The Fourth Sunday of Lent [C]
Josh 5:9,10-12 + 2 Cor 5:17-21 + Lk 15:1-3,11-32
March 6, 2016
“My son, you are here with me always; everything I have is yours.”
In today’s Gospel passage Saint Luke presents one of the greatest of Jesus’ parables: the parable of the Prodigal Son. We need to keep in mind, however, that Jesus never gave titles to any of his parables. Neither did the evangelists. Whoever named this parable decided to focus the title on one of the parable’s three chief characters. The younger son was chosen as the title character, so on him our focus tends to rest.
However, if we focus only on the person of the younger son, our understanding of the parable quickly diminishes. Many people, for example, associate the word “prodigal” with the actions of this younger son. If you were to ask a large group of persons what the word “prodigal” means, many would say that it means “wasteful”: a prodigal person is one who thoughtlessly spends his valuables on meaningless things.
In fact, the word “prodigal” has another meaning. In this Sunday’s parable, not only is the younger son prodigal. The father of these two sons is prodigal also, but with his love. At the end of the parable, the father has to remind his older son, “you are with me always, and everything I have is yours.” Perhaps spiritually we are the son or daughter who strives to be faithful to God, but who forgets the gracious love which the Prodigal Father freely and offers each day.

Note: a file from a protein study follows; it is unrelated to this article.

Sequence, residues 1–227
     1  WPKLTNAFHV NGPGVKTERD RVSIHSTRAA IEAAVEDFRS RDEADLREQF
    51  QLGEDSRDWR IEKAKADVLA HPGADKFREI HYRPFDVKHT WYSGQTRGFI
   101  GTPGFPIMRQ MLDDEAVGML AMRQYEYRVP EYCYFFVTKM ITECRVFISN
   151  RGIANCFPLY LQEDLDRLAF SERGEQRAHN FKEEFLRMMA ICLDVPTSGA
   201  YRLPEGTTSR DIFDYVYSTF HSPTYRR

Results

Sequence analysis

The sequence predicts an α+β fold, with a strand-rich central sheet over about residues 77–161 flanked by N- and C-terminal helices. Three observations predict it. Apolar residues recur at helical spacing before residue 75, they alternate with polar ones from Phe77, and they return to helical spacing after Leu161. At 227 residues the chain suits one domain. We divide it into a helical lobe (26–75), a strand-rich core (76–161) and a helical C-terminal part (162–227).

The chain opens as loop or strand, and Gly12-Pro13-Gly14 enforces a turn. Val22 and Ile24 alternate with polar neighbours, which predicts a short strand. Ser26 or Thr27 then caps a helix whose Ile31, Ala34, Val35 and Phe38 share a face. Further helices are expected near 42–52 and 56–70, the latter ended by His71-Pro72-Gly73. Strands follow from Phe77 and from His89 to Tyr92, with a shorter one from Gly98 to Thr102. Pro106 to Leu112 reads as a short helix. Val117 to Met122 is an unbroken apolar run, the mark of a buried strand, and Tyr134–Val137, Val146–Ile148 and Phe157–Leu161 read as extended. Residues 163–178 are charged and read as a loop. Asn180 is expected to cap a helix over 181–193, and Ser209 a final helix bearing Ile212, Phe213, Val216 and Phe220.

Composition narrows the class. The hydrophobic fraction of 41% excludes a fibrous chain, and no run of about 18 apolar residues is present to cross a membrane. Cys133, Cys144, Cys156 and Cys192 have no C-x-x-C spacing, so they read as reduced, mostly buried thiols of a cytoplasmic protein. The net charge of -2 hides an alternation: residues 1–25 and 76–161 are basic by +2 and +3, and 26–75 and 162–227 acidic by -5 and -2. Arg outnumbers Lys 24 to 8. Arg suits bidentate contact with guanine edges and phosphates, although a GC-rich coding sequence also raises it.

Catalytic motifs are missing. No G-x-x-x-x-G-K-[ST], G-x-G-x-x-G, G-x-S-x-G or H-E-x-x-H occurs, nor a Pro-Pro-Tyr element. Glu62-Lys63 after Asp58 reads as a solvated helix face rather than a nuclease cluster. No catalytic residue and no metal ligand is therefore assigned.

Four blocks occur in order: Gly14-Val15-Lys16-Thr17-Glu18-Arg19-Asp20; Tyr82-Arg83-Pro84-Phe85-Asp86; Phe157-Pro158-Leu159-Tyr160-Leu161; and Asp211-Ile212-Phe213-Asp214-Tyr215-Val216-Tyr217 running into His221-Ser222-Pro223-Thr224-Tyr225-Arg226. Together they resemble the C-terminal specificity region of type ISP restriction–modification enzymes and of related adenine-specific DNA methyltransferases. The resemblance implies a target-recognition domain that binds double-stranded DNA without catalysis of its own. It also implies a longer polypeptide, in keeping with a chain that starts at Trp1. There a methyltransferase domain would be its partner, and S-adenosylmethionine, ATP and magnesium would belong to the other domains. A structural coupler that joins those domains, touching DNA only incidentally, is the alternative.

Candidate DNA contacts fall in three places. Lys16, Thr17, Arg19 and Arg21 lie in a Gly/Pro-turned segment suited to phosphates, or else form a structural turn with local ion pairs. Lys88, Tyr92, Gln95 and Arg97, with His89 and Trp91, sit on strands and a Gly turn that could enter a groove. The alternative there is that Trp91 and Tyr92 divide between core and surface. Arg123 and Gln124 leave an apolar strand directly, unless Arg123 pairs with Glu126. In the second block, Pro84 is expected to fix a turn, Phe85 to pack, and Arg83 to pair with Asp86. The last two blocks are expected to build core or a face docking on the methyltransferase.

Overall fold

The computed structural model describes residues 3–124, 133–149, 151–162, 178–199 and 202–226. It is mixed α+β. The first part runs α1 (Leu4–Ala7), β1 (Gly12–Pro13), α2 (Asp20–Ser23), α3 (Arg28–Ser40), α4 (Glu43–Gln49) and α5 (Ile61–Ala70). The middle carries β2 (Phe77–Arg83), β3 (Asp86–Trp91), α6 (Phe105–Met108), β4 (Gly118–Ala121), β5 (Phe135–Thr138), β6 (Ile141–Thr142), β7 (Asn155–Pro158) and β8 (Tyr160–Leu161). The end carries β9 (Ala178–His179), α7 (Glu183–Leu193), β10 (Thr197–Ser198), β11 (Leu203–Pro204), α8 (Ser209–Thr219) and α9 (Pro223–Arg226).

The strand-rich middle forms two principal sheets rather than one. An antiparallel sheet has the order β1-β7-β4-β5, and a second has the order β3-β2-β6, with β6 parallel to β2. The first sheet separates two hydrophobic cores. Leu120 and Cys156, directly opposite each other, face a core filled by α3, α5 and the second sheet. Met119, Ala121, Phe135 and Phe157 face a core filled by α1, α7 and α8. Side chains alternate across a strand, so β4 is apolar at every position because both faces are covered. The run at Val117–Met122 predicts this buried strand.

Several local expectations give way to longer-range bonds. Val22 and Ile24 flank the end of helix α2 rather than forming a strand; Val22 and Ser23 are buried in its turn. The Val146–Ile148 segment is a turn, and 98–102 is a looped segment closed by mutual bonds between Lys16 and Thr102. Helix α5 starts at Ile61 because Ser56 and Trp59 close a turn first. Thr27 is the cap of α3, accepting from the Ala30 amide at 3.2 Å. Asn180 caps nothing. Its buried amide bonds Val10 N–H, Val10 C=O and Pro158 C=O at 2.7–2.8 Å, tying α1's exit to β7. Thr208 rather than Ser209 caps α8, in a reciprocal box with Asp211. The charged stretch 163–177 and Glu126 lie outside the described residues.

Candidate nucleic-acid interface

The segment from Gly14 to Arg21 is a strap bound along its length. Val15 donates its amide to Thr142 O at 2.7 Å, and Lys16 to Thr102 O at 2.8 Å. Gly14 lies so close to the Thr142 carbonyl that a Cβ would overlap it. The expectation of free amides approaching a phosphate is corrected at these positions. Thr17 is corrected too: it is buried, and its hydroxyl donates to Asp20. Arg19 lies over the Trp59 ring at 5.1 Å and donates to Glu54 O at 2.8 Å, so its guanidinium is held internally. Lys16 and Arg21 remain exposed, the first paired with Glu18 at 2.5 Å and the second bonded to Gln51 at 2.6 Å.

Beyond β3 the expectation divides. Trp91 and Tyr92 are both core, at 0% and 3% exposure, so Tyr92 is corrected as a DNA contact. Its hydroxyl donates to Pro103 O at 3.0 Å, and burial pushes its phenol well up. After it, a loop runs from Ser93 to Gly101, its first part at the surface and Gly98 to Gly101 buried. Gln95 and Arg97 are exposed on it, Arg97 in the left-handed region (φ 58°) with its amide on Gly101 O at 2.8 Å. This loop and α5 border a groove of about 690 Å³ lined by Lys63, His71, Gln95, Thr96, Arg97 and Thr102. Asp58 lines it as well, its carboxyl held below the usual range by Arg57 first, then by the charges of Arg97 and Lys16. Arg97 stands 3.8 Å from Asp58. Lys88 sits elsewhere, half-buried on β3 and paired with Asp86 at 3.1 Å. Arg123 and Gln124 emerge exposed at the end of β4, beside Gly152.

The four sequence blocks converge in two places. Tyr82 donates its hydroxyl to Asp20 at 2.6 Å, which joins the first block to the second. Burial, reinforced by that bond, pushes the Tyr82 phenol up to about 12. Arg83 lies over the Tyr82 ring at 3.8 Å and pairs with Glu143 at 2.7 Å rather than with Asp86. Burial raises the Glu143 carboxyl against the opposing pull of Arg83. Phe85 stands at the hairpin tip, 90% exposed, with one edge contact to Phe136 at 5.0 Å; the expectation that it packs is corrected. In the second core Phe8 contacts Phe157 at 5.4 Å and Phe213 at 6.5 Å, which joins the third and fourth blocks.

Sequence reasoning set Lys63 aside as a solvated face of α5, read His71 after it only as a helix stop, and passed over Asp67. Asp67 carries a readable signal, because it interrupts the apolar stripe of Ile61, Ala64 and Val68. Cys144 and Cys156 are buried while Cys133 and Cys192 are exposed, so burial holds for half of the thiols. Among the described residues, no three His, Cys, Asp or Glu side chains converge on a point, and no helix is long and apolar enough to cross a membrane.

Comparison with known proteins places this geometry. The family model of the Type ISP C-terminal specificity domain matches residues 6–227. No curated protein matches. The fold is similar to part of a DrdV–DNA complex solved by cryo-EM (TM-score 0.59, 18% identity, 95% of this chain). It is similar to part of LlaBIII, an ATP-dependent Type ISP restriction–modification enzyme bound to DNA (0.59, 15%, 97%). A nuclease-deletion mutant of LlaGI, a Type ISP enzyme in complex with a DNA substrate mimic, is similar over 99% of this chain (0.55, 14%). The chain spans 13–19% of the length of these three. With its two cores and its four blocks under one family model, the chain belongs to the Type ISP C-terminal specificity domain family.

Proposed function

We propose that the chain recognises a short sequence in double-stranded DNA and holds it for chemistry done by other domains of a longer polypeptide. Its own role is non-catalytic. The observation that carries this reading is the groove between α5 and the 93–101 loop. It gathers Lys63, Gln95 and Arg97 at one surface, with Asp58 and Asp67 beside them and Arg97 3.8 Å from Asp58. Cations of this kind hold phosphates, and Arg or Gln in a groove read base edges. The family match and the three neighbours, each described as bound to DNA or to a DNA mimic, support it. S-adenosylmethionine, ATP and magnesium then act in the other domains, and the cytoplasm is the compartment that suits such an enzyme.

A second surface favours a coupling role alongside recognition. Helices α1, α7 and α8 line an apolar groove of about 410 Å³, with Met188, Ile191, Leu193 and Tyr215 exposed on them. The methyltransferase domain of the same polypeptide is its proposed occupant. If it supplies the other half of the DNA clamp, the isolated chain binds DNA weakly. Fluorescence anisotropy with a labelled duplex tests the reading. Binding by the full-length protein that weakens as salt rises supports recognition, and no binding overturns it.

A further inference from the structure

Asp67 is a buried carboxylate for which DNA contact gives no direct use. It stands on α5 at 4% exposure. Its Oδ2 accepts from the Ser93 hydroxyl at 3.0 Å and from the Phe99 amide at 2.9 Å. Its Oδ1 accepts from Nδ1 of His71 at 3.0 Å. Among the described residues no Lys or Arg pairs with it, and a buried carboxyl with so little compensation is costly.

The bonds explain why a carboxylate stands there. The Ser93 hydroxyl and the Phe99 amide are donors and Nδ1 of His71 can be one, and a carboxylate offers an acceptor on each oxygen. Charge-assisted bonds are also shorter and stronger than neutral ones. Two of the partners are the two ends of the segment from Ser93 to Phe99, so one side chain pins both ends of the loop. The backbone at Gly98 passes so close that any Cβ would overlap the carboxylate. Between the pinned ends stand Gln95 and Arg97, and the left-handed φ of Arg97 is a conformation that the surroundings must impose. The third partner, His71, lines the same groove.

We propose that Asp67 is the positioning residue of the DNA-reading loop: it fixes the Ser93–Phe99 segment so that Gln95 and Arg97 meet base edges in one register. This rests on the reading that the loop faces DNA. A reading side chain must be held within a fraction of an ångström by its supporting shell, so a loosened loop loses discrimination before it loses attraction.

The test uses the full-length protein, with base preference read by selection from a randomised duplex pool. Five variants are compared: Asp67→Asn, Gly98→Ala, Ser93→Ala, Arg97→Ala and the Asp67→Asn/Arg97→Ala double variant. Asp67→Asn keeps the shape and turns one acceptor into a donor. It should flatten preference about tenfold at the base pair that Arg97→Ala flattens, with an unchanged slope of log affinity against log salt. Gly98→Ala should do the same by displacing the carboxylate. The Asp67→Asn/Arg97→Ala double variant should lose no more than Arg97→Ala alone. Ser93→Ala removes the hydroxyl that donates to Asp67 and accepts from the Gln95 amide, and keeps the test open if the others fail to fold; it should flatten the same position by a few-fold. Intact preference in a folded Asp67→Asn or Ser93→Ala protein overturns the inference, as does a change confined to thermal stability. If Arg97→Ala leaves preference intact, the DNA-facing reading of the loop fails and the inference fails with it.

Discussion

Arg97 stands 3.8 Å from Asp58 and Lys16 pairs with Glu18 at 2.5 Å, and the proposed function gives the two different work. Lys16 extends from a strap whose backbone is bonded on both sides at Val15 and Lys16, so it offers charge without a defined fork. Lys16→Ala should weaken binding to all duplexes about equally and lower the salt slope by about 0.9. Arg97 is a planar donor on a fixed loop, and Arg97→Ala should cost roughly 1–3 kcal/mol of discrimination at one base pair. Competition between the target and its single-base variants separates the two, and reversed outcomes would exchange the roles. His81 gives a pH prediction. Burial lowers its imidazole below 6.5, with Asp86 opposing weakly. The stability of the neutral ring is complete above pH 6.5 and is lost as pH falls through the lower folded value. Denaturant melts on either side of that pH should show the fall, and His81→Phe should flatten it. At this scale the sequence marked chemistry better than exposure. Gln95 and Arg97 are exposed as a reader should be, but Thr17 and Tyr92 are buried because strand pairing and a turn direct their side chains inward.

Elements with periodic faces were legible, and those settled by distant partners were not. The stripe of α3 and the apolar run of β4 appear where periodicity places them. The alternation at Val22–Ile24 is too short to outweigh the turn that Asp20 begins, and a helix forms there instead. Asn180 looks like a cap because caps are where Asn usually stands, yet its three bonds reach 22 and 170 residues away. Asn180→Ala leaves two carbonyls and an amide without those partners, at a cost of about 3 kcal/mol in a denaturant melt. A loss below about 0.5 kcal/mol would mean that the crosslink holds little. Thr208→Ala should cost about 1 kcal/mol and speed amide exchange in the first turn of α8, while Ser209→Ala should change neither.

There is no limit to God the Father’s love. In the parable, the prodigal father bestows his love equally upon both sons. The only thing that keeps this love from entering their hearts is their own distancing of themselves from the Father’s presence. Each son distances himself from his father in his own way. These two sons do not believe that they are loved by their father, but the prodigal father offers his love to both sons. The irony of the parable is that, at the end, it’s the son who had at first been faithful who puts distance between himself and his father.
To make the most of Lent, we need to imitate all three of the parable’s chief characters. We need to imitate the older son’s initial steadfast fidelity. We need to imitate the humility of the younger son whenever we fall. Finally, however, once God has strengthened us through His mercy, we need to imitate the parable’s prodigal father. This need reflects what St. Paul explains in Sunday’s Second Reading: “I mean that God, in Christ, was reconciling the world to himself, not counting men’s transgressions against them, and that he has entrusted the message of reconciliation to us.”
When we gaze upon the crucifix and see Jesus crucified for our sins, we see a person who did perfectly what the father in the parable had done: he gave his gracious love in a prodigal manner, freely and without measure, only in order to better the “other”.